"I am impressed with the fact that the top CEOs of the most successful companies in Memphis have made a formal commitment to improve the K-12 education infrastructure, higher education, and science research and economic development for the city," said Tennessee governor Phil Bredesen. "The creation of Memphis Tomorrow, in and of itself, sends a powerful message that public-private partnerships are powerful tools to solve community challenges."
Putting muscle behind those words, Bredesen has helped the Biotech Foundation get state money to demolish the old Baptist Hospital complex and is working with the University of Memphis on plans to give it greater independence and move its law school downtown.
Other fans include Dexter Muller, a former city division director and interim president of the chamber of commerce.
"Leadership is everything," he said. "It's why things get done and why they don't. The chamber would never have had all those leaders on board. We're 75 percent small business."
Carol Coletta, originator and host of Smart City, a syndicated radio program and Web site that exemplify the new media, has worked with the organization as a consultant.
"We so often think of ourselves as stuck, destined to be a second- or third-rate city," she said. "But it is not destiny. By our decisions, we have made the city what it is today, and by our decisions, we can remake the city. What's happened in New Orleans jolts us into considering a different possibility for any city, including our own."
The founders of Memphis Tomorrow were Dean Jernigan and Pitt Hyde. Jernigan and his wife Kristi were the driving force behind AutoZone Park and its surrounding development, including an apartment complex, elementary school, and office building. The Jernigans moved away from Memphis, but during the NBA NOW campaign, the leadership baton passed to AutoZone founder Hyde and his wife Barbara.
Taylor was originally executive director of Memphis Tomorrow and became president in September, replacing Larry Jensen, who is now an adviser to the group. The chairman is Ken Glass, CEO of First Horizon Bank. Members must be top local executives of businesses that have more than $200 million in annual revenue, or $100 million in assets, or professional service firms with more than $75 million in annual revenues. Dues are $50,000 a year. Each member serves on at least one committee; Glass keeps tabs on all of them. The reading list can be demanding because Memphis Tomorrow is big on consultants' reports, which often run a few hundred pages or more.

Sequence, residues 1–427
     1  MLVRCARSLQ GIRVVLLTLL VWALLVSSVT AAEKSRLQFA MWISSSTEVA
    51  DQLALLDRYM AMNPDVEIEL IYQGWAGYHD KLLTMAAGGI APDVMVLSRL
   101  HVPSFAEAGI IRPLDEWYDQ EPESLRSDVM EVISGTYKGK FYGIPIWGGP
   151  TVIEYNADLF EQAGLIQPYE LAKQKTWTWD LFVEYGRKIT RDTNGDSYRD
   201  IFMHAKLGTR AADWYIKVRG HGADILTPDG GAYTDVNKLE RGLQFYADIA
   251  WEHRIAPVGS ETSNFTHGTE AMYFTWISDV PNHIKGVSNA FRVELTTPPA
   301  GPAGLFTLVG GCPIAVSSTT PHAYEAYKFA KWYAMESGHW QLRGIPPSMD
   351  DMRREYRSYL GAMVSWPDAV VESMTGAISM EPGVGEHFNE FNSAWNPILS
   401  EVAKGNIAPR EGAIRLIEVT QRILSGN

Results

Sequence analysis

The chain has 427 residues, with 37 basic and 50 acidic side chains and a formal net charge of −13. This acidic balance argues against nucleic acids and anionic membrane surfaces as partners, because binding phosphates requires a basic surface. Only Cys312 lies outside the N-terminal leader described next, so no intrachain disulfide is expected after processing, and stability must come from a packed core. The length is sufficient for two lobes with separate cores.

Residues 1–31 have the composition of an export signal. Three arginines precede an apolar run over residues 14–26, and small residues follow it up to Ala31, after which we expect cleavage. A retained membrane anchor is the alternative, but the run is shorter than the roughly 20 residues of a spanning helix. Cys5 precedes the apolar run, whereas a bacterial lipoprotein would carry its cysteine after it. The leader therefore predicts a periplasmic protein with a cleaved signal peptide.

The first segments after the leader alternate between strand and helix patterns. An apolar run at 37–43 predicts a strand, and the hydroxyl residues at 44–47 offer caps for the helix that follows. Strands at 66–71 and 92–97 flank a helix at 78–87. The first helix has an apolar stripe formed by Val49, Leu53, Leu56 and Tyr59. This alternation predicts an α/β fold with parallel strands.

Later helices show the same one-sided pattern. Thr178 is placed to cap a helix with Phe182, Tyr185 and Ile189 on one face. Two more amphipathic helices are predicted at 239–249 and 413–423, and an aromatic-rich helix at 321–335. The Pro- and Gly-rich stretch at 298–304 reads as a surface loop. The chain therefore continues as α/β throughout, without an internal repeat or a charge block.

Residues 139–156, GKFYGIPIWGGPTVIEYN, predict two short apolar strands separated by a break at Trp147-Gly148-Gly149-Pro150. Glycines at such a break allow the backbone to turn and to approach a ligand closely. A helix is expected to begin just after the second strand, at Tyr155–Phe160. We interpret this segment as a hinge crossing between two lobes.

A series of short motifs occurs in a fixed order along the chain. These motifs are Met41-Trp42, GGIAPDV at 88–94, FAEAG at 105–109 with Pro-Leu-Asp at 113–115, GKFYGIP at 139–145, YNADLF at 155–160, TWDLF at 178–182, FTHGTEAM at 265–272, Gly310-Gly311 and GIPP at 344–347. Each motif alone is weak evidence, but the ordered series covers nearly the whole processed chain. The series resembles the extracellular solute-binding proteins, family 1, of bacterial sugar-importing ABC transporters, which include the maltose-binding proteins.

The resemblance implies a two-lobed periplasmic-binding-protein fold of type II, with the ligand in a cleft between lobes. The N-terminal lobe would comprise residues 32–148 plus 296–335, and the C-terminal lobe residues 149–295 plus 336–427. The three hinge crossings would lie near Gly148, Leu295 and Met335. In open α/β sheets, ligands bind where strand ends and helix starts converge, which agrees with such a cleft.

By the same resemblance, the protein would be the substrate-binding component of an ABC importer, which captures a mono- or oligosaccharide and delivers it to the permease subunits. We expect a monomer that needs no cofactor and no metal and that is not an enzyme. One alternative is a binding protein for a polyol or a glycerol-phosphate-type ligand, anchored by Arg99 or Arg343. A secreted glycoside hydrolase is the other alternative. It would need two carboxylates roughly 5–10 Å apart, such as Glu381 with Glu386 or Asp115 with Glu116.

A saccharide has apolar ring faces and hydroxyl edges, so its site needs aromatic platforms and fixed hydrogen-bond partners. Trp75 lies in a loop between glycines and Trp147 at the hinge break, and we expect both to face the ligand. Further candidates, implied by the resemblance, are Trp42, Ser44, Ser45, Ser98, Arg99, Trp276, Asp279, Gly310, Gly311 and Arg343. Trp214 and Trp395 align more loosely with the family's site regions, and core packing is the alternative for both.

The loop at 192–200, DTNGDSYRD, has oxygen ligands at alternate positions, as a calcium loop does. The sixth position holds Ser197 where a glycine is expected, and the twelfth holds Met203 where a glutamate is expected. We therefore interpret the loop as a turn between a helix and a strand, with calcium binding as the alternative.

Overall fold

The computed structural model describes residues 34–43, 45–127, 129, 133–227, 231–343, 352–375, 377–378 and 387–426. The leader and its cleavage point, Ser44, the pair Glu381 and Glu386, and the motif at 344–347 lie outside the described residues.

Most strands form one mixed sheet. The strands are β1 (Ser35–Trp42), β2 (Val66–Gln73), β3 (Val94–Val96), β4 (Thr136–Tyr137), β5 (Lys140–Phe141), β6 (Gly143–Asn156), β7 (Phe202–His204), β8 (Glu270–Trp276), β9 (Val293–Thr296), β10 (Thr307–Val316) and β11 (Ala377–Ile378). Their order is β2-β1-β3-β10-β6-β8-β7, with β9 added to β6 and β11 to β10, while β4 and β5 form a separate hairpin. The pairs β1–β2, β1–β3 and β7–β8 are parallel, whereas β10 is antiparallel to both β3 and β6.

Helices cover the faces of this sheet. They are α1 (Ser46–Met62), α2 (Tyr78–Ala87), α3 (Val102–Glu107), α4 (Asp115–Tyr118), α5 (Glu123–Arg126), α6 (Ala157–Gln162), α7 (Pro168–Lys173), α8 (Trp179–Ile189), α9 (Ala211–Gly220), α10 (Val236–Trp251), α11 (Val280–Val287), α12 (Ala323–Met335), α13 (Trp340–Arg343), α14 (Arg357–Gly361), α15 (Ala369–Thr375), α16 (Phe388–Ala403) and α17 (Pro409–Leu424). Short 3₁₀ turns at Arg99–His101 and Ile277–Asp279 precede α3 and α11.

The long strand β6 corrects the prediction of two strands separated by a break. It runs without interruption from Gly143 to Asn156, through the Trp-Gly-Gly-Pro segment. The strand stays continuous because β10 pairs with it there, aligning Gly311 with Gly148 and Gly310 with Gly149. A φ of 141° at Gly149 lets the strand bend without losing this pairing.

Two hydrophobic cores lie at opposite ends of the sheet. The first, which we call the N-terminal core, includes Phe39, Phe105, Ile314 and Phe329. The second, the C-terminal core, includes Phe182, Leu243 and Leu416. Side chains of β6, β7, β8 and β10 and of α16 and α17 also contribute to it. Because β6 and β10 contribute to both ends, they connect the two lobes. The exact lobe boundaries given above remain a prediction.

Clout in the public arena does not automatically equate with clout in the corporate boardroom.
"Sometimes it feels like two steps forward and three steps back," said Doug Edwards, president and CEO of Morgan Keegan and chairman of the Memphis Tomorrow committee on K-12 education. The committee was charged with putting together a primer on school funding that was supposed to cut through confusion. Instead it had to be reworked just before it was due to come out five months ago and is only now being released.
Here is an overview and an update of current Memphis Tomorrow projects:
Response to Hurricane Katrina. While disaster relief was the responsibility of FEMA, the Red Cross, the Salvation Army, and others, long-range planning would seem to be an ideal opportunity for Memphis Tomorrow in terms of encouraging and recruiting New Orleans-based businesses. Taylor said the organization "might play a leadership role," but it has so far focused on disaster preparedness in Memphis and left the recruiting of displaced businesses to the chamber of commerce.
A short-lived relief effort led by former banker Tom Garrott that would have given $10 million in cash to storm refugees via churches was not affiliated with Memphis Tomorrow.
The bankruptcy of Northwest Airlines. If Northwest (which once employed more than 2,000 here) closes its Memphis hub, the ramifications will be big for Memphis International Airport and the local economy. Taylor said there has been "a ton of conversation" about keeping the hub, plus talk of companies purchasing more tickets on Northwest.
"I'm not sure there is much we can do at this juncture," she said.
Northwest's former CEO Richard Anderson was guest speaker at a Memphis Tomorrow meeting earlier this year. Phil Trenary, CEO of Pinnacle Airlines, a Northwest spin-off, is a member of Memphis Tomorrow. But the present mood suggests that all the king's horses and all the king's men may not be able to put the broken airline industry back together again.
Government efficiency. The guest of honor at the September meeting of Memphis Tomorrow was none other than Mayor Willie Herenton. Taylor said it was "an in-and-out meeting" and the topic of discussion was a familiar one -- a government efficiency study like the one that Public Financial Management (PFM) has already done for Shelby County government.
In a classic clash of corporate and public-sector cultures, the City Council did not want Public Financial Management to do the study and demanded that it be put out for bids. Meanwhile, Herenton has shuffled his top financial and policy advisers around and is talking about selling parks to raise money and cut operating costs.
The elephant in the living room is Herenton himself. Taylor and Glass said Memphis Tomorrow has not made an endorsement, even though Herenton is actively raising money and seeking support for a fifth term. So far he's the only potential city mayoral candidate getting any face time with Memphis Tomorrow.
On the county side, Mayor A C Wharton said the efficiency study was worthwhile. "They get a bad name because everybody has done one and they wind up on the shelf somewhere," he said. "But we had fees and things that had not been revised in 25 or 30 years."